DTLA: Art, Food and Japanese Whisky Tasting at Mrs. Fish
I checked out Mrs. Fish recently for the art, Japanese food and whisky. Mrs. Fish has been open for a few years but only recently transformed to a Japanese restaurant. I would also call it an art gallery with all the cool and fun art adorning its walls. I’m glad they also kept the large fish tanks in this multi-level restaurant.
Speaking of the art, you can find all the artists here.
LA has a non-stop appetite for great fresh fish. The sushi was really good and I liked pairing with whisky. Who says you need sake with sushi? Of course, you can get whatever you want as Mrs. Fish has a good sake, beer and wine list as well.
This Ohishi sherry cask is beloved by many at Mrs. Fish. I do see why the lighter Japanese whiskys work well with food.
A gem salad I loved! For a while, everyone had a little gem salad on their menu in the early 2010s. Don’t get me wrong, I love salad and little gem lettuce is great but it was all the same everywhere. Not so at Mrs. Fish which adds in silken tofu and avocado. The tofu almost reminds me of burrata in its creaminess.
At the downstairs bar, we tried a couple of cocktails. This Teien was a little bit sweet for me but my friend enjoyed it.
Teien – Sipsmith gin, St. Germain, Yuzuri liqueur, watermelon, cucumber, lime
The renkon (lotus root) chips comes with an addicting curry Kewpie mayo based sauce.
I loved the senbei (edmame) dip topped with ikura and served with big white chips that reminded me of shrimp chips though not as seasoned as such.
The Director of Operations, Alex Reznik, whom you may know from shows as Top Chef and his restaurants Ditmas and La Seine, told us this wonderful story of when he was in Japan eating at a spot that did hay smoked bonito. It’s a bit difficult to recreate such a dish with a giant fish here in the States but they did a credible job with the albacore.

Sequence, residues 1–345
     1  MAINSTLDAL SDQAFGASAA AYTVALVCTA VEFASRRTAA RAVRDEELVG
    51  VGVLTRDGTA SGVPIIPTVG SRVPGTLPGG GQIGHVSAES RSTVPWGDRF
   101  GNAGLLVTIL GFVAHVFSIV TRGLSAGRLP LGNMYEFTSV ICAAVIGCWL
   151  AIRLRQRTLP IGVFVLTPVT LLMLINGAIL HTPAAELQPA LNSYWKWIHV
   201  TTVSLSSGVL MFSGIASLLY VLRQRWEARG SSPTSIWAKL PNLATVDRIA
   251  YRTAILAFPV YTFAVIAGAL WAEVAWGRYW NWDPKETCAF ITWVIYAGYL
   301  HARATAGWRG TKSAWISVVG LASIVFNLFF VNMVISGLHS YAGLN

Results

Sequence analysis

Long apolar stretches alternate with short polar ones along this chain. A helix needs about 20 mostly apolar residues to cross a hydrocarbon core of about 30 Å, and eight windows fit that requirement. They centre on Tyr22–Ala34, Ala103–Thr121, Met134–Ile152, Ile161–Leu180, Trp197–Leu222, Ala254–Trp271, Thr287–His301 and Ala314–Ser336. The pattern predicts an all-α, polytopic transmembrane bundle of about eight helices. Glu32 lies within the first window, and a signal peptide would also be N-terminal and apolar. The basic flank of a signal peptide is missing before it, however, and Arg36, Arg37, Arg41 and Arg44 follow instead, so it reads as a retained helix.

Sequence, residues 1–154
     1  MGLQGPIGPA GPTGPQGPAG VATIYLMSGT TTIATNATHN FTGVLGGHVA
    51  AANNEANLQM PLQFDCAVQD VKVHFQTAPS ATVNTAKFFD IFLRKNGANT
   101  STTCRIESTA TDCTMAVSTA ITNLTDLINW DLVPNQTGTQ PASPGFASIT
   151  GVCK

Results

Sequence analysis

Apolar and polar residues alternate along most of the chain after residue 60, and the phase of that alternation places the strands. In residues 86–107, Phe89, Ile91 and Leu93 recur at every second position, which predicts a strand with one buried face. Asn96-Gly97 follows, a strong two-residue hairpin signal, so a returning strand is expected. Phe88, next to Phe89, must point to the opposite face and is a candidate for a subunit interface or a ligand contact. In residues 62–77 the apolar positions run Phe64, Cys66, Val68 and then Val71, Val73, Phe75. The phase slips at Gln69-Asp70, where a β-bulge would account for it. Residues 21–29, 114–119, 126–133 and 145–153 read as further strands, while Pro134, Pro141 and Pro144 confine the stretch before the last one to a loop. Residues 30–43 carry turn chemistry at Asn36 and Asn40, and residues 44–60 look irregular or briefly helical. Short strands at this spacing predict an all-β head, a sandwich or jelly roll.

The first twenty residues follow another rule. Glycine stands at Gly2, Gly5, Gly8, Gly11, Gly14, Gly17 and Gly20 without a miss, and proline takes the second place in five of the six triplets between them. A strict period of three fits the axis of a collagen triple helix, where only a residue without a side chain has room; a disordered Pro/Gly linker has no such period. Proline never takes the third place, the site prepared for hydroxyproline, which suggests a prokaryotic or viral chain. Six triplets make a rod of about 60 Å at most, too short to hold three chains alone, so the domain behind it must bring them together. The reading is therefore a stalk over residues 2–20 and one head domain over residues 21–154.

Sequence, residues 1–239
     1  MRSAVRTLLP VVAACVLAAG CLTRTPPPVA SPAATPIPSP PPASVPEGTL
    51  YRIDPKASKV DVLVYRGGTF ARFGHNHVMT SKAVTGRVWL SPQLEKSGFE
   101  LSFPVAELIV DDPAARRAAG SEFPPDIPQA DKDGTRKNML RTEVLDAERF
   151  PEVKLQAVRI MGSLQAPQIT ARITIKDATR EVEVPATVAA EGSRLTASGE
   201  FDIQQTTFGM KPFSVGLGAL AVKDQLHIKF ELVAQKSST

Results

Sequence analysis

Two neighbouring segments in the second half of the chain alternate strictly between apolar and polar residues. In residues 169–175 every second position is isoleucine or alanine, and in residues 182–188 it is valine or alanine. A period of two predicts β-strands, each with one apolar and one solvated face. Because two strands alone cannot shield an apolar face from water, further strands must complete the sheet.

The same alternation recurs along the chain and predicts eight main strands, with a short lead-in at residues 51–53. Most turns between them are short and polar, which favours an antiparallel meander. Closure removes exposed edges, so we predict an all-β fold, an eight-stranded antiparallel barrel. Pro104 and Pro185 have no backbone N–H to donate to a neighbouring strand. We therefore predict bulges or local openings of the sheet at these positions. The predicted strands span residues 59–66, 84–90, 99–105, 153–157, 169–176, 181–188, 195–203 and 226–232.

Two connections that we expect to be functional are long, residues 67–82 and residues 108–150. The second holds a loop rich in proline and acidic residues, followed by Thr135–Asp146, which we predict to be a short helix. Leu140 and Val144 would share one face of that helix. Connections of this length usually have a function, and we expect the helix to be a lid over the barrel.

Vegetarians never fear, there’s something for you too! I enjoyed the vegetable curry udon. There were plenty of veggies and it’s quite filling.
The Kurobuta pork was the most interesting dish with bitter melon, pickled daikon, duck fat panko and soft scrambled eggs. The above is not the full sized version but my fun sized bite was just enough for me. I’d love to come back to try this complete dish. I bet it goes well with rice.
I tried the downtown garden roll and was surprised how delicious it was. I don’t usually go for veggie rolls but I enjoyed this one with asparagus.
The golden yuzu roll with cucumber and gold flakes really wowed the crowd.
As mentioned, we tried a couple of cocktails. I did like the refreshing Tsuma with vodka and ginger.
Tsuma – Grey Goose vodka, ginger elixir, passion fruit, strawberry, yuzu
I enjoyed the Tai snapper with bamboo in broth. This dish was so comforting with all the veggies. All you need is a little rice to soak up all that soup!
The star dish of the night was the uni pasta with lobster. The noodles were nicely al dente.
If you want to learn about Japanese whisky, Mrs. Fish is a great place to start. Head upstairs to their Japanese whisky bar. They have a collection of over 40 Japanese whiskys. Some new to me ones were The Tottori. We tried both the blended and the blended in ex bourbon cask. I preferred the ex bourbon cask.
I love whiskys from Chichibu and if you’re getting into Japanese whisky, Ichiro’s Malt and Grain is interesting to start with. Pretty soon, you’ll want to explore the malt whisky from there! I’m partial to On the Way from Chichibu which Mrs. Fish has it at a fairly reasonable price.
One of the most famous Japanese whiskys out there is Yamazaki from Suntory. On this night, we had the 12 but I’m interested in the 18 in the mizunara cask. Mizunara is Japanese oak.
Suntory also has another whisky called Hakushu. It’s a single malt like Yamazaki. We tried the 12 and I do prefer Hakushu over Yamazki though in general most people like the Yamazki more. I was a little surprised they were both the same price at Mrs. Fish even though the Yamazaki tends to retail for almost twice as much as the Hakushu. So great deal there.
And the last Japanese whisky we tried is the Nikka Yoichi. It’s been a little while since I had this one so it was nice to revisit.
If you don’t know the Japanese whisky connection to Scotch, pull up a barstool at the whisky bar and ask away. The bartenders love to talk all things Japanese and whisky.
I’ll be back for more food including that fab sushi and to take a closer look at some of the art upstairs.
© 2018 The Minty